MOUNTAIN VIEW, Calif. — Temporary help services employment increased by 0.14 percent in March, adding 4,000 jobs during the month, according to seasonally adjusted data released last Friday by the U.S. Bureau of Labor Statistics. This contrasts with total nonfarm employment, which rose by 215,000 for the month, moderately outpacing consensus.
While revised data for January and February reflects temporary help employment losses that were 24,700 higher than previously reported, the monthly job gains in temporary help services averaged 4,600 over the past 12 months, with temporary employment seeing a 1.9 percent year-on-year increase.
The unemployment rate was largely unchanged, moving from 4.9 to 5 percent, as the labor participation rate rose to 63 percent. This is the highest participation rate in two years and up from a low of 62.4 percent in September 2015.
“The employment numbers this month are fairly typical for what we would expect later in an economic cycle. Solid overall job growth and increased labor force participation is now being counterbalanced by weakness in the temporary employment market, which is a leading indicator for economic growth going forward,” said Barry Asin, President of SIA. “With the downward revision of the last several months of temporary employment data, January was one of the weakest we’ve seen for temporary employment since 2009. During January we saw significant volatility and declines in the stock market which likely drove the decline in temporary employment that month. While it is a positive sign to see growth again in temporary employment in March, the relatively low level of growth highlights an economy showing signs of slower growth ahead.”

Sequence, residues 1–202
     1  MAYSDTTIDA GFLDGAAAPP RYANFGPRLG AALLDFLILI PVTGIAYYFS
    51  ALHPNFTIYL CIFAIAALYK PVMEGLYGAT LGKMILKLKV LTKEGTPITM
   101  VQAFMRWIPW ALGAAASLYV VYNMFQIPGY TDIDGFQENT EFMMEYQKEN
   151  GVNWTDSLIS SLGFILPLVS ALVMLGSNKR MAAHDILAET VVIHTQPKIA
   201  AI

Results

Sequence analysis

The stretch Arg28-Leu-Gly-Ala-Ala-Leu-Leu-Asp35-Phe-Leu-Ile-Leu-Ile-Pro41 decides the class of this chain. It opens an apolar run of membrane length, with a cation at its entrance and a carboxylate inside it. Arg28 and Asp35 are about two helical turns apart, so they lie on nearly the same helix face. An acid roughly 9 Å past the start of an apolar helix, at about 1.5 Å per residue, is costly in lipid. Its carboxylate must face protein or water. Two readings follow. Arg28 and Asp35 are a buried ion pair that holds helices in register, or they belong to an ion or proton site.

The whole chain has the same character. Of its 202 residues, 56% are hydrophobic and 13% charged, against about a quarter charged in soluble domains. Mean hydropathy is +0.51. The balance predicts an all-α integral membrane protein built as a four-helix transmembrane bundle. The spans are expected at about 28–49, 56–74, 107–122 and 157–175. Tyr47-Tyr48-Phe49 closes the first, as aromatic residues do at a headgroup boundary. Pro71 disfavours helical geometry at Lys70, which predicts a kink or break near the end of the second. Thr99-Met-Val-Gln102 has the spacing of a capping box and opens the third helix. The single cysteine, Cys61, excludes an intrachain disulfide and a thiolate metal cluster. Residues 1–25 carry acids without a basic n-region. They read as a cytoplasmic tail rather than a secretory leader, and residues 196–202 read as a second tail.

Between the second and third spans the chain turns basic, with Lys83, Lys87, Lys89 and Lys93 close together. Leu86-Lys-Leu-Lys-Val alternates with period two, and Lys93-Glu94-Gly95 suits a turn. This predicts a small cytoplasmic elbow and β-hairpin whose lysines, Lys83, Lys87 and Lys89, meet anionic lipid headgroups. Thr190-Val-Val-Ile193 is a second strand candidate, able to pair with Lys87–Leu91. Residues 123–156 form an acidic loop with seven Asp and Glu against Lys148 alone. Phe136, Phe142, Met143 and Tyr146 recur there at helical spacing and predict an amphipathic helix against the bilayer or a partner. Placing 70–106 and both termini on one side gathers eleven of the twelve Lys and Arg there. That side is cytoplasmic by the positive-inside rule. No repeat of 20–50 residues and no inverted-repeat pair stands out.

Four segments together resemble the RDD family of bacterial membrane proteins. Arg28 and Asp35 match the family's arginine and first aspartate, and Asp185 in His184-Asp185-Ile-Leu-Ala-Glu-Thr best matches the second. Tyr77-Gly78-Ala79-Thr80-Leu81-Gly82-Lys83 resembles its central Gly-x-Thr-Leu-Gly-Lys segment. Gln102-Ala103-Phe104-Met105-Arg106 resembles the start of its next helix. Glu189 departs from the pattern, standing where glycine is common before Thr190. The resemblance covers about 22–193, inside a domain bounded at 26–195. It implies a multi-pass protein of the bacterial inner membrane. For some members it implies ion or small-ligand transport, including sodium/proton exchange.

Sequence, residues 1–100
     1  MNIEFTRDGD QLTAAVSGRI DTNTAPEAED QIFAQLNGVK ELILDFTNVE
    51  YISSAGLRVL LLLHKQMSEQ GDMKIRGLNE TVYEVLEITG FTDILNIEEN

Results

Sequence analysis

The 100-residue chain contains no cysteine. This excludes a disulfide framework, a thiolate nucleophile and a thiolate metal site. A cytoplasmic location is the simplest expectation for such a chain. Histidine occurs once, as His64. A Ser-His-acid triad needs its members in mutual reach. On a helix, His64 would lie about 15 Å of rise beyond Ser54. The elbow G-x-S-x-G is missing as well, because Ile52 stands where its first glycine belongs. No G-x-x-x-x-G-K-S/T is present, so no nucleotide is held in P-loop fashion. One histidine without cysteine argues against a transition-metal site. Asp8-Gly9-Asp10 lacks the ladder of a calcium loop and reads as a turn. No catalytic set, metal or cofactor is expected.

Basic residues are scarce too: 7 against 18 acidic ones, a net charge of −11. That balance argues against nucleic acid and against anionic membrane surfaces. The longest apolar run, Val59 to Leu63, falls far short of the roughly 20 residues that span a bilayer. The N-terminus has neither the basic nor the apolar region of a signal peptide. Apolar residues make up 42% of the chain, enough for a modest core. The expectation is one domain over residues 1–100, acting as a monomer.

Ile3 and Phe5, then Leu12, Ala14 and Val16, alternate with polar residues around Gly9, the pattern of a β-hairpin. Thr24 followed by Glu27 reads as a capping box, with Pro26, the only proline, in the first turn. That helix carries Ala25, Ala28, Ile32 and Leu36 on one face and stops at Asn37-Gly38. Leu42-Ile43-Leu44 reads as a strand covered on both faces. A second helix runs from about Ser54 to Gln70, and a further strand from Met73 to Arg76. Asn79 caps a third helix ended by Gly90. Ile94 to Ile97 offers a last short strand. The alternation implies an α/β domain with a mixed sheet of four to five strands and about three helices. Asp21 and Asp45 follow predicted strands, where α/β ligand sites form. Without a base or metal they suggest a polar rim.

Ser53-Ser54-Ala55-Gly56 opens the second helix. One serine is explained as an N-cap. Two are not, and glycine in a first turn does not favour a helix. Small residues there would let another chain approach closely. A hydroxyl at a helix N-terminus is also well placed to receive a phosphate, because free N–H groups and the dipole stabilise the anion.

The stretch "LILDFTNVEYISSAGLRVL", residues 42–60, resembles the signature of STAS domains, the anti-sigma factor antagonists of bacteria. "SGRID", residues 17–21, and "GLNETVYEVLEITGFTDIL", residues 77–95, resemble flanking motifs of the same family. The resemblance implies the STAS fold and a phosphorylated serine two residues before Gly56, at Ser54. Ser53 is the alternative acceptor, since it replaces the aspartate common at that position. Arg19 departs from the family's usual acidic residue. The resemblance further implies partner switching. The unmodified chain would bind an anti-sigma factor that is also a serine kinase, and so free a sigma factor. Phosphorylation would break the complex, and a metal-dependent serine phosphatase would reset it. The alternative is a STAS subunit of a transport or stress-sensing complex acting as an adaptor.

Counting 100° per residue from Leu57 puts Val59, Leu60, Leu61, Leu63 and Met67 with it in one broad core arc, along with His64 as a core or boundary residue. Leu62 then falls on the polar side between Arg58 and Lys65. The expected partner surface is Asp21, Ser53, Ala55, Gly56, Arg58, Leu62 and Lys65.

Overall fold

The temporary penetration rate remained relatively stable at 2.01 percent in March, having reached an all-time high of 2.06 percent in December 2015.
The construction sector had the strongest jobs growth for the month in percentage terms, and leads all sectors over the last 12 months with an increase of 4.7 percent. The retail trade, healthcare and leisure and hospitality sectors also continued to show healthy gains. Conversely, manufacturing had its largest monthly contraction in more than six years, and the mining sector continued to lose jobs in the face of declining energy prices.
SIA’s full April Jobs Report analysis is available for Corporate and CWS Council Members here.